Not in the mood to experiment? Then just leave it in auto mode.
Or one can play with the options offered by ART and SCN options. We had lots of fun with the 14 different filters on our day out.
These in-camera effects include interesting selections such as Soft Focus, Pale Light and Colour, Partial Colour, Light Tone, Pop Art, Pin Hole, Diorama (Miniature), Cross Process, Grainy Film, Gentle Sepia, Key Line, Dramatic Tone, Watercolour and Vintage.
There’s also the ART Bracketing mode which allows one to take photos with all the effects, or a pre-selected few.
In terms of pre-programmed scenes, there are 25 different ones once the dial is turned to SCN. Most scene presets are satisfactory.
Our gripe is with the Panorama preset. The preset on the E-M10 Mark II doesn’t really take panoramas. Instead, it assists the users to take panorama shots by displaying guides to line up each frame.
The resulting panorama still needs to be put together using a different software. This is quite inconvenient, and we wish Olympus can move this in-camera.
The Photo Story mode (pic below) is basically a collage function that arranges between two and five photos onto a single image. Various frame layouts can be chosen, as well as the border style and filters.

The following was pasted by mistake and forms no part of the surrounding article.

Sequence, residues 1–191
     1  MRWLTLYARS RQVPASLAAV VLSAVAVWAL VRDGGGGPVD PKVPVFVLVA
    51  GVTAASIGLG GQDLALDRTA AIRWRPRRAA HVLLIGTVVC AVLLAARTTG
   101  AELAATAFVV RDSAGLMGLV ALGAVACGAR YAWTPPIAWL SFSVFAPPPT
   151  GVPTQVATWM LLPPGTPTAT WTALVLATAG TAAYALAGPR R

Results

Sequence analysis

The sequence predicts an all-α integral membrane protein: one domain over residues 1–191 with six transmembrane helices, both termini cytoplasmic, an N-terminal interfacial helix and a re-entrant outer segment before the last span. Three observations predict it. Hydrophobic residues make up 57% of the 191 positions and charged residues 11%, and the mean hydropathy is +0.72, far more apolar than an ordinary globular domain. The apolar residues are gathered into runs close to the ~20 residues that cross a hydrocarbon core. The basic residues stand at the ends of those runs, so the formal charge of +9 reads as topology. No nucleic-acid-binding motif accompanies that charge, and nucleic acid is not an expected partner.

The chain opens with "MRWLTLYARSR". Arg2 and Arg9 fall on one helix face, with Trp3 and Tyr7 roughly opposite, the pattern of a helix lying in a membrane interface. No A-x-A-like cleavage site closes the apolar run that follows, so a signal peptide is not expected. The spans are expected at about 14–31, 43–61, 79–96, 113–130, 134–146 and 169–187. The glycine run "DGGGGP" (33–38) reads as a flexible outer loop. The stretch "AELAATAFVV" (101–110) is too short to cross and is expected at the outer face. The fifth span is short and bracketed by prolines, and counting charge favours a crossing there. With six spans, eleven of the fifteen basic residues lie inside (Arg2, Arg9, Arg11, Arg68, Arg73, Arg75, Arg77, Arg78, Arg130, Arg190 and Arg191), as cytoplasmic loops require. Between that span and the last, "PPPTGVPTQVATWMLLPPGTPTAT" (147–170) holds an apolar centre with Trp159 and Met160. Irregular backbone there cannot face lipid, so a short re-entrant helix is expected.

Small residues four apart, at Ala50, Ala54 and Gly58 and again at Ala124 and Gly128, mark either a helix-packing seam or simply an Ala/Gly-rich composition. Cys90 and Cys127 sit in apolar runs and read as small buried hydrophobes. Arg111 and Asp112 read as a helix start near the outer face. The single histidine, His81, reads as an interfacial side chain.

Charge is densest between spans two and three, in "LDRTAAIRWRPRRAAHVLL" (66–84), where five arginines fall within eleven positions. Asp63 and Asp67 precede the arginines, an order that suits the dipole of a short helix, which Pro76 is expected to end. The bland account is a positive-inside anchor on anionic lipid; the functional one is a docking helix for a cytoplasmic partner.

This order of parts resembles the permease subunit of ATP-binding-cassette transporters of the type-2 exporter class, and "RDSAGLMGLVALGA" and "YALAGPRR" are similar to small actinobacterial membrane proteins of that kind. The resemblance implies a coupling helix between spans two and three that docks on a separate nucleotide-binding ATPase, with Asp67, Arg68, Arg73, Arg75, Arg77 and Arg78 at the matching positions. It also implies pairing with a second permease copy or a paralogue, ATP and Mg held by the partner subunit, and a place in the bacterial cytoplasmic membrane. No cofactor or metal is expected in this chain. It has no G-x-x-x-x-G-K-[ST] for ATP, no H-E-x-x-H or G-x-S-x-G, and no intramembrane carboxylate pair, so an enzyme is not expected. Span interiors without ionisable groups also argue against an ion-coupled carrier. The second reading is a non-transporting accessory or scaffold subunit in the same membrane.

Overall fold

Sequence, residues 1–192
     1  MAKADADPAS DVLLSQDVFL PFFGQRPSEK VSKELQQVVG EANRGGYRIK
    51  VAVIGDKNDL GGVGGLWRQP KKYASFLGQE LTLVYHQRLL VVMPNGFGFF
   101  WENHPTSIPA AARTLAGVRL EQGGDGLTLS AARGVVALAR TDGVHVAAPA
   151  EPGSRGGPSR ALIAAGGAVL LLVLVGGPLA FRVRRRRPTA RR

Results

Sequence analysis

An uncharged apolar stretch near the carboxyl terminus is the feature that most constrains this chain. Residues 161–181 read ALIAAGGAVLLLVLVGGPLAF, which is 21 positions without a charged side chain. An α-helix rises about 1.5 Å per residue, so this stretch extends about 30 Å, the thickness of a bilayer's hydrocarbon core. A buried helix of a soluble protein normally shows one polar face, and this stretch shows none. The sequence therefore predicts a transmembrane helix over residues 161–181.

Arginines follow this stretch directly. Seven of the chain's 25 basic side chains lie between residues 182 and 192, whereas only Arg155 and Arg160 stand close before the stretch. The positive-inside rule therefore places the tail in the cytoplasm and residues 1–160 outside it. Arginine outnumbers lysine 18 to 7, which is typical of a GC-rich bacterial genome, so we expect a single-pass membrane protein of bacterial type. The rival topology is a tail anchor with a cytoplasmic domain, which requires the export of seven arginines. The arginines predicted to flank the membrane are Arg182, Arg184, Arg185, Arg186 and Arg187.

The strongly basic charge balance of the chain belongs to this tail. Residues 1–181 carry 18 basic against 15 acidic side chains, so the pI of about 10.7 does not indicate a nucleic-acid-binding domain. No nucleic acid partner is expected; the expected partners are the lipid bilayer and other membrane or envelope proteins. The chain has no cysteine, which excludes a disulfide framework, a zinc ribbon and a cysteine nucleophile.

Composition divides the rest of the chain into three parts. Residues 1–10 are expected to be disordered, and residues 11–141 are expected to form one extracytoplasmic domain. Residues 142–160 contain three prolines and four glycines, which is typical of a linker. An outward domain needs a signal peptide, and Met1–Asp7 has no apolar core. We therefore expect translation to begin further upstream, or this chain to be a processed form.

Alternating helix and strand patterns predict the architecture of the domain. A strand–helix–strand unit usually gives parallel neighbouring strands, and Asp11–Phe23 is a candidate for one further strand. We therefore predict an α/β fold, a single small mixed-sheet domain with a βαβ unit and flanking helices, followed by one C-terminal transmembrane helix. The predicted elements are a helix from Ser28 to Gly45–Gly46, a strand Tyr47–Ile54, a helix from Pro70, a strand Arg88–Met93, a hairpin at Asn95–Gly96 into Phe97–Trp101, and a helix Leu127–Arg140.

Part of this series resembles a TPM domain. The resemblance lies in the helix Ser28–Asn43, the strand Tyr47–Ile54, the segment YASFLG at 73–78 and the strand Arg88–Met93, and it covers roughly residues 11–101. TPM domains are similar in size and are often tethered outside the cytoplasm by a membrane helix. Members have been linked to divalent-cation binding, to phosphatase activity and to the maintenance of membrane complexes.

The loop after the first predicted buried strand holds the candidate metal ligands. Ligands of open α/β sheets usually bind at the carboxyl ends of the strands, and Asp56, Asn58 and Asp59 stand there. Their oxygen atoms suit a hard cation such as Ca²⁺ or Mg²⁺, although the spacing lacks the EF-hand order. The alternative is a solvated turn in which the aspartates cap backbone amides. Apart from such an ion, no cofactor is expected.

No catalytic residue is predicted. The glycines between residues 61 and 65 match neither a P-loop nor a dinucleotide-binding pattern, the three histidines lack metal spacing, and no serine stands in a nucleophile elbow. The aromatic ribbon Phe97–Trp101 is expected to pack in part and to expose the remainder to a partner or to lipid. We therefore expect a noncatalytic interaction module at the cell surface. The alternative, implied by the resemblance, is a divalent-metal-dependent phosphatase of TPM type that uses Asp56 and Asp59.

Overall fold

Once these are determined, the mode allows one to compose each image carefully in turn before moving on to taking the same image. At the same time, the E-M10 Mark II will put them together in a single image.
With its price and looks, the Olympus OM-D E-M10 Mark II makes for a compelling choice, especially for photographers who like to fiddle.
Its price is somewhat competitive, at S$1,148 with a single lens (14-42mm) or $1m348 for the two-lens (14-42mm and 40-150mm) version – and if one wants an extra lens to maximise the camera’s capabilities, the investment will be much more than that.
Still, it is a more logical purchase than investing on a really cheap DSLR – one gets a camera with the looks and some really decent camera features.